Humanity has sent around 30 spacecraft and landers to the Red Planet since the space age began. Now, we know which microbes might have survived the trip, says geneticist Christopher Mason.
Trundling across the surface of Mars as you read this is a remarkable machine. Perseverance – the car-sized rover that safely touched down on the Martian surface on 18 February this year – might only have a top speed of less than 0.1 miles per hour (152m/hr), but it carries a wide range of tools, instruments, and experiments that have already made some groundbreaking achievements.
Included on board the 10ft-long (3m) rover is a machine that has turned the thin, carbon dioxide-rich Martian air into oxygen and a helicopter the size of a tissue box that made the first-ever powered, controlled flight on another planet. The helicopter, called Ingenuity, has now made three successful flights, each longer and higher than the last.
But did anything else come along for a ride with all this hardware? Could a trace bacterium or spore from Earth have accidentally been carried into space and survived the trip to make its new home on Mars?
Although Nasa and its engineers in the Jet Propulsion Laboratory (JPL) have precise and thorough protocols to ensure their spacecraft are free from any organisms that might inadvertently hitchhike on a space mission, two recent studies highlight how some organisms might have survived the cleaning process and also the trip to Mars, and also how fast microbial species can evolve while in space.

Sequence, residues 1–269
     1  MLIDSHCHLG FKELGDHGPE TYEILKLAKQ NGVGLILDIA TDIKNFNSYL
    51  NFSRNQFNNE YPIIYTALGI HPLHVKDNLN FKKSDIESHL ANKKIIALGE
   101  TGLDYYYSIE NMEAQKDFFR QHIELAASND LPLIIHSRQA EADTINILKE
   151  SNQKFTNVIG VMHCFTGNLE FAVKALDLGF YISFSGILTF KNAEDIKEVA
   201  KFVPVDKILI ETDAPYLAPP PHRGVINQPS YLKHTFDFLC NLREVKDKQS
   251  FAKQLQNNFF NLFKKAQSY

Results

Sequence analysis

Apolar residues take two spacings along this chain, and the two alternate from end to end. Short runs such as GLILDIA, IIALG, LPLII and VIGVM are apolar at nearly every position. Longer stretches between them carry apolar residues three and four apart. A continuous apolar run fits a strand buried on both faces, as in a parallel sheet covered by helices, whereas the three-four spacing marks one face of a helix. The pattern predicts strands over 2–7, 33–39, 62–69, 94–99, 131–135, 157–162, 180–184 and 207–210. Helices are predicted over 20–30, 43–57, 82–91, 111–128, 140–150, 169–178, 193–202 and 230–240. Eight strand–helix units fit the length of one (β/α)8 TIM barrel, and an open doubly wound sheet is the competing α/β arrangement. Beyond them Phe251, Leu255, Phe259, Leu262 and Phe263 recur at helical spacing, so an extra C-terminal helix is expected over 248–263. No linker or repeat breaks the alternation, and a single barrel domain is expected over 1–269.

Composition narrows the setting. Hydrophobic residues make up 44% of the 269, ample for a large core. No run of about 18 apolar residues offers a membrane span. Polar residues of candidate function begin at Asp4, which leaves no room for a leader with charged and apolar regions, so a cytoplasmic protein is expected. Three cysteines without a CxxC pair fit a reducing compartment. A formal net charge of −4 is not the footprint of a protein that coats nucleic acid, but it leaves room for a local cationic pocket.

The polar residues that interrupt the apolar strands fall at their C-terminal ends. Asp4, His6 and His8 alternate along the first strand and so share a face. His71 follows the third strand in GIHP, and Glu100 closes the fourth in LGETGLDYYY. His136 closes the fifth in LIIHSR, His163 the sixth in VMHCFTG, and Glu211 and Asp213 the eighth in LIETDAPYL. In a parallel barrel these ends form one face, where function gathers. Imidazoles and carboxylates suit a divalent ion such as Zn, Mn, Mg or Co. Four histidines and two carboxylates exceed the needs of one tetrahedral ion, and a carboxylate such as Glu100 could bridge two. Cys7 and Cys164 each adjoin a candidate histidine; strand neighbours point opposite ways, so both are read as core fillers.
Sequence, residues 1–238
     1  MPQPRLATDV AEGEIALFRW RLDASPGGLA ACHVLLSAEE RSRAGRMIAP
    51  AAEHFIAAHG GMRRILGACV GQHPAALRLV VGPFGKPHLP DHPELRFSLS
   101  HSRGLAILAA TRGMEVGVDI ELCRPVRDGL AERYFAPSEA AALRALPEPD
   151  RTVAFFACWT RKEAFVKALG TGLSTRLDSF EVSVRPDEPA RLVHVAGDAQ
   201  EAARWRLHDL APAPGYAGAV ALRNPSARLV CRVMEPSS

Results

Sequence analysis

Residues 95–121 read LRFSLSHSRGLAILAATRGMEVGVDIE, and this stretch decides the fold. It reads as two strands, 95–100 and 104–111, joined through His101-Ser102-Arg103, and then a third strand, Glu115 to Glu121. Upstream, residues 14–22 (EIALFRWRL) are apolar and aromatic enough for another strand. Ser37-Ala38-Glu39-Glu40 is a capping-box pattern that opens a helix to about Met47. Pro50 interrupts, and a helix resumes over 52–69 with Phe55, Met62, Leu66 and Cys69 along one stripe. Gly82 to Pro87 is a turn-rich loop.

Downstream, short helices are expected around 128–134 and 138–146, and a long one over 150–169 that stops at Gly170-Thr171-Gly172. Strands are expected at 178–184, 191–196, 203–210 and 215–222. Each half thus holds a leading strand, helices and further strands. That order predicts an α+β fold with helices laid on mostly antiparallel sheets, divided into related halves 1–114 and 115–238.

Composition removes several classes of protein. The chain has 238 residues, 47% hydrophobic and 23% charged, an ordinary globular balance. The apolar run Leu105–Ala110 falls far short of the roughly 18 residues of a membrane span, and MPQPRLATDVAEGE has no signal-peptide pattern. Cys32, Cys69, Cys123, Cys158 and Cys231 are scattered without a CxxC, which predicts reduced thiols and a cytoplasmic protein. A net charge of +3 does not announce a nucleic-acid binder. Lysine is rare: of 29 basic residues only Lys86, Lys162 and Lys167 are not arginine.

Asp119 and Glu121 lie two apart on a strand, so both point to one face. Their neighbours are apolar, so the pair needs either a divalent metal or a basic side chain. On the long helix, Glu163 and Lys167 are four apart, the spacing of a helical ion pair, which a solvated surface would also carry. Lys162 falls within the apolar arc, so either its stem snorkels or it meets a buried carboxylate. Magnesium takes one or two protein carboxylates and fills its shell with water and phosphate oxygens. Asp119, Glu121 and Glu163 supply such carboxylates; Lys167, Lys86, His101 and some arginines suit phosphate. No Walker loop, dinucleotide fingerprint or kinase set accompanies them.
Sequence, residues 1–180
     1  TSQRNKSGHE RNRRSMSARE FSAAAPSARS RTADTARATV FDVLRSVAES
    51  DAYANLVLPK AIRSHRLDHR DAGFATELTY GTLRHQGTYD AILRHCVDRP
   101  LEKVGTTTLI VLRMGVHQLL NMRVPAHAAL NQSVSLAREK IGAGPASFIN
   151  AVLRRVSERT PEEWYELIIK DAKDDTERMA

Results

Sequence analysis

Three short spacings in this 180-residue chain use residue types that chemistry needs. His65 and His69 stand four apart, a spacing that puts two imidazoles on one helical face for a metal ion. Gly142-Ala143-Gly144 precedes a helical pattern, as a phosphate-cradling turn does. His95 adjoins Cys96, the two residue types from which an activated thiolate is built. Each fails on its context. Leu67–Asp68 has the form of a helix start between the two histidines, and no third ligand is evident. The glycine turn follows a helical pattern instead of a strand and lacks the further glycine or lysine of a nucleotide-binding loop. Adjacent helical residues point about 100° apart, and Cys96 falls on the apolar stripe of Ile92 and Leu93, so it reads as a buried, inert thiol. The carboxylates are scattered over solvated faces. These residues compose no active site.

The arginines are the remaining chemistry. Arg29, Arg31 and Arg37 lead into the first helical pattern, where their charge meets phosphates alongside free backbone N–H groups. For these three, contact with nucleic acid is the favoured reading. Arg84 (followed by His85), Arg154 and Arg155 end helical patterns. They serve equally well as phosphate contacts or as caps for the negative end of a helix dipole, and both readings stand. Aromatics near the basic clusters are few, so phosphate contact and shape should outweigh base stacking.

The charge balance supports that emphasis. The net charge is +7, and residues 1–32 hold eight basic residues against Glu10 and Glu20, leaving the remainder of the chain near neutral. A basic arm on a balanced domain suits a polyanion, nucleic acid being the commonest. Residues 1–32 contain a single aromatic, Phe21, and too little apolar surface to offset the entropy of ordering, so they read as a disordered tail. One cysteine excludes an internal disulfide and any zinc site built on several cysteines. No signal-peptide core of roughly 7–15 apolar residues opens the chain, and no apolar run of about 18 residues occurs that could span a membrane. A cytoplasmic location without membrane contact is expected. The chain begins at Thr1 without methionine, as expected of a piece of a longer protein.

First, let’s start with the process that was required to build the Perseverance rover, as well as most spacecraft made in JPL’s spacecraft assembly facility (SAF). There, spacecraft are painstakingly built one layer at a time, like an onion, with everything cleaned and sterilised before it is added. These methods ensure that almost no bacteria, viruses, fungi, or spores contaminate the equipment to be sent on a mission.